If you like baseball you are going to love this story about my fun state baseball tournament! We had 11 players, three coaches, and a lot of fans and parents. You will hear about how we did, what I did, and what happened. Now you will read about my team and I did, and everything else that happened.
Wow, what a great and accomplished 4 years it’s been for us. Heck, it’s been an accomplished 10 years for us. It’s been a wild ride, and as it’s almost time for me to put down my bat and put away my glove, I have some thanking to do. So, thank you for everything, for everything you’ve taught me and everything you’ve made me learn through the game of softball.
Baseball was in my blood. Some of my earliest memories include batting cages with my Dad, sliding into home plate and throwing my first curve ball. By eight years old, I was playing ball year-round on travel teams and loving every minute of it. There wasn’t a doubt in my mind that this was my sport, and I would play it in high school and possibly beyond. But, during the summer of 2010, the unthinkable happened. Picking up a golf club for the first time, I fell in love with a new game. I played every chance I got that summer. Begging my parents for clubs and lessons, my passion grew and most of the following summer was spent on the golf course, not the baseball field.
The quote, “ Everyday is a new opportunity. You can either build on yesterday’s success or put its failures behind and start over again. That is the way life is, with a new game everyday, and that is the way baseball is.” - Bob Feller. That quote has irony on how to be successful, likewise that baseball has helped me become successful. Baseball has taught me many things about life such as how to have a good work ethic, how to accept failure and success, and has helped teach me to keep going when times get tough. Those are a few ways that baseball has helped me be successful.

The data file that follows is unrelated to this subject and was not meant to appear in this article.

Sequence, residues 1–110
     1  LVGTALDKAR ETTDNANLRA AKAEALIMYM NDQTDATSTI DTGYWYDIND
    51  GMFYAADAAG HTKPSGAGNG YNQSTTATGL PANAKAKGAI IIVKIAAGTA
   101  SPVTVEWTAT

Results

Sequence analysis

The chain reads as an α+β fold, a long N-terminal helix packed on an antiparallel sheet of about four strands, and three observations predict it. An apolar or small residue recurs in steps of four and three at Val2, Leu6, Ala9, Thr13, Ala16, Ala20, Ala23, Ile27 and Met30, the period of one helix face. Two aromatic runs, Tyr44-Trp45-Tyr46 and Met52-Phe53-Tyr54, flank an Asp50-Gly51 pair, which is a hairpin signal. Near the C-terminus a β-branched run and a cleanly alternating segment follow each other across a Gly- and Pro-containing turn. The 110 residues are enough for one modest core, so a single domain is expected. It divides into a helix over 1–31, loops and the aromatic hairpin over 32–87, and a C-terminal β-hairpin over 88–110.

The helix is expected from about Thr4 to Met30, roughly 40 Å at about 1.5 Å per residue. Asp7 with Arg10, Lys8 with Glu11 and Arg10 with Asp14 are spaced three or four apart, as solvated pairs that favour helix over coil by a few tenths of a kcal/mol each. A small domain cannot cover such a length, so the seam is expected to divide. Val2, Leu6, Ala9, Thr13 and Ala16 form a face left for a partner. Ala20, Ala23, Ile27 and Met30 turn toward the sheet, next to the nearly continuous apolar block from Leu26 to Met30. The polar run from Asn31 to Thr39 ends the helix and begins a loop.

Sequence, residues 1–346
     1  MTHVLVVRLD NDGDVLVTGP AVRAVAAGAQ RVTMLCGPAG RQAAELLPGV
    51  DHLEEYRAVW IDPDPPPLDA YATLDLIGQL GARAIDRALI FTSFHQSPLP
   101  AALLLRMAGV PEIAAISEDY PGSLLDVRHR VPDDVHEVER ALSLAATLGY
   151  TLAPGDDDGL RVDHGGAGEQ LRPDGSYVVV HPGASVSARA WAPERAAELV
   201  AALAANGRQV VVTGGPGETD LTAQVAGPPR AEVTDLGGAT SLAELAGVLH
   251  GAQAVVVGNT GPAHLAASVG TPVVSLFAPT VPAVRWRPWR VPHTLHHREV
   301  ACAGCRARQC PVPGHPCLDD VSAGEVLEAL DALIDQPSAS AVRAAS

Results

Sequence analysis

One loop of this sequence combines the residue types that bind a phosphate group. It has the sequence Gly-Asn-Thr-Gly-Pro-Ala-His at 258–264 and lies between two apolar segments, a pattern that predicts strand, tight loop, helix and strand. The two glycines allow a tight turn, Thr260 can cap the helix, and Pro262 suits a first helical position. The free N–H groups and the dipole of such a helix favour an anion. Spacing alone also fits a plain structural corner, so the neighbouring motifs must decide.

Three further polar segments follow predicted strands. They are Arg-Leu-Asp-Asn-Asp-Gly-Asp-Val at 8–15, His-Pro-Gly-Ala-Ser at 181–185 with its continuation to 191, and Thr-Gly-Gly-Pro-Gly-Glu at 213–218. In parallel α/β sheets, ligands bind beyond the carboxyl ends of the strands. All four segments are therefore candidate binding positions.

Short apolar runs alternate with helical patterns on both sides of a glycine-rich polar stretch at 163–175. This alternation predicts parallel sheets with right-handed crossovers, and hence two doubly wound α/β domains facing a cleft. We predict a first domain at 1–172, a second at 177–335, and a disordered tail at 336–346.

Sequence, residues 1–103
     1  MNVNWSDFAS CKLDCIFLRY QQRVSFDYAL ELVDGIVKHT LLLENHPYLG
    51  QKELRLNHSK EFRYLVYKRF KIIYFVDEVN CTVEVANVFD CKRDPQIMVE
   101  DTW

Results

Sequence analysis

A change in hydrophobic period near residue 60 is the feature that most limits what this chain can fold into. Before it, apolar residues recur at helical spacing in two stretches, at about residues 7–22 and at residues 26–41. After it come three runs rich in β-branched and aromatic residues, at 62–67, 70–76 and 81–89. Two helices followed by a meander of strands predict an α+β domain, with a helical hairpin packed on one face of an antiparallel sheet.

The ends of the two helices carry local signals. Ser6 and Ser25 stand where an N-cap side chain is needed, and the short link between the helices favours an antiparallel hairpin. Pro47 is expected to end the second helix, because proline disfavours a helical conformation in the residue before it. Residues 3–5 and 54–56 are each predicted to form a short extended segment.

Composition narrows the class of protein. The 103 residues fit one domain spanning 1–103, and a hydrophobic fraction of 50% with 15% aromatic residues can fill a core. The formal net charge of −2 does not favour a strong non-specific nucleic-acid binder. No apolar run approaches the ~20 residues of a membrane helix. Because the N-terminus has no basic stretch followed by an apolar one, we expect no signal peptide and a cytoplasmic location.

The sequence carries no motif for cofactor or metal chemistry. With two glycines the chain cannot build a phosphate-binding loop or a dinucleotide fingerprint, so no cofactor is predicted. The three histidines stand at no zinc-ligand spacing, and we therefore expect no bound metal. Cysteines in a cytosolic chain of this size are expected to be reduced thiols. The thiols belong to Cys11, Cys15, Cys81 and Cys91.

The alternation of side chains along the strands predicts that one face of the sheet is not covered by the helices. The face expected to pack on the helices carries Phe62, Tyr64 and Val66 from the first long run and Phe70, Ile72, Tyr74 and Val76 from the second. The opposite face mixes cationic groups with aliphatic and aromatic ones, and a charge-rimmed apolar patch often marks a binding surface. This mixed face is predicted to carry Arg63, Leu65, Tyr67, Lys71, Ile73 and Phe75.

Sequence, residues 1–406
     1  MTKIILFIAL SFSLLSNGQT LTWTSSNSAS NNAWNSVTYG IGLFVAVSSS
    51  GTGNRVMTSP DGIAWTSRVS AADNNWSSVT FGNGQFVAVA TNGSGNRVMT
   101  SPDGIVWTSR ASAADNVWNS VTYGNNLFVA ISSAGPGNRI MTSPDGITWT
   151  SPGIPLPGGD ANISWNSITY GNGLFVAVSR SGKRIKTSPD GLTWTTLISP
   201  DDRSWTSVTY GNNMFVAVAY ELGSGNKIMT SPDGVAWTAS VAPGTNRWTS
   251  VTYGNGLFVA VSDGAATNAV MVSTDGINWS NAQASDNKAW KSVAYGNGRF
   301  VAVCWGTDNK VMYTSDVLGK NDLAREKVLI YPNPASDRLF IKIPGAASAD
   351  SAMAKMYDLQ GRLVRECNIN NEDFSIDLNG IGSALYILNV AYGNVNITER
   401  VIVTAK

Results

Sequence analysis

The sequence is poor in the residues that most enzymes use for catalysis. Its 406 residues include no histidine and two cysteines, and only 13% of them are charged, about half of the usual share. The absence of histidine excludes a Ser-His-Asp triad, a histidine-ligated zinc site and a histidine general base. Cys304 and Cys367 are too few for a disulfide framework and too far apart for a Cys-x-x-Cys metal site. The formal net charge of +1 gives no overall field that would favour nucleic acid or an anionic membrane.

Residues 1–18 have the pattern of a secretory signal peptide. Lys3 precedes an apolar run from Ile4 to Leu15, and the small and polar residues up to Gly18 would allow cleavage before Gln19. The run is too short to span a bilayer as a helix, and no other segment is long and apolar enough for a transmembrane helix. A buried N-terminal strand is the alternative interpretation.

I flew out of bed and put on my uniform. We were at the field around 8 a.m. the reason why we had to be there so early was because I had 3 games! We won both the first and second game. I didn’t get out once. It was time for the third game. I was pretty scared because they were pretty big and scary. They also had a winning streak. The 1 to 3 innings were pretty intense. But when it came to the 4th inning and that’s where things got very intense. The score was 8-9 we were losing by 1. And I was up to bat. Two outs, one person on base, and the last inning. I stepped into the batter's box, she winned up for her pitch and throw ball. I step out of the batter's box and look over to my 3rd base line coach. As I did so, out the corner of my eye I saw a familiar face in the crowd. It was my….
I play softball. It was All-Stars, and we were in first place at the moment. We had won three games, to London, Circleville, and another team whose name I can’t remember. It was the second to the last game, and our team was watching from some nice shade in the outfield (By the way, it was in the 90’s while we were there. It felt like a sauna!) Everybody was all sprawled out on the shady grass. You could smell sweat and sunblock in the air. We ate Flyers pizza, and candy (probably not a smart choice), and made sure to drink a whole lot of water. Both of the teams we had already beaten multiple times, so I didn 't see the sense of playing them again, but we had to anyways. We listened to the crickets chirping in the pond behind the field, and heard the crack of the bats slamming against the softballs being pitched. The London team ended up winning by one point, which was surprising because they had been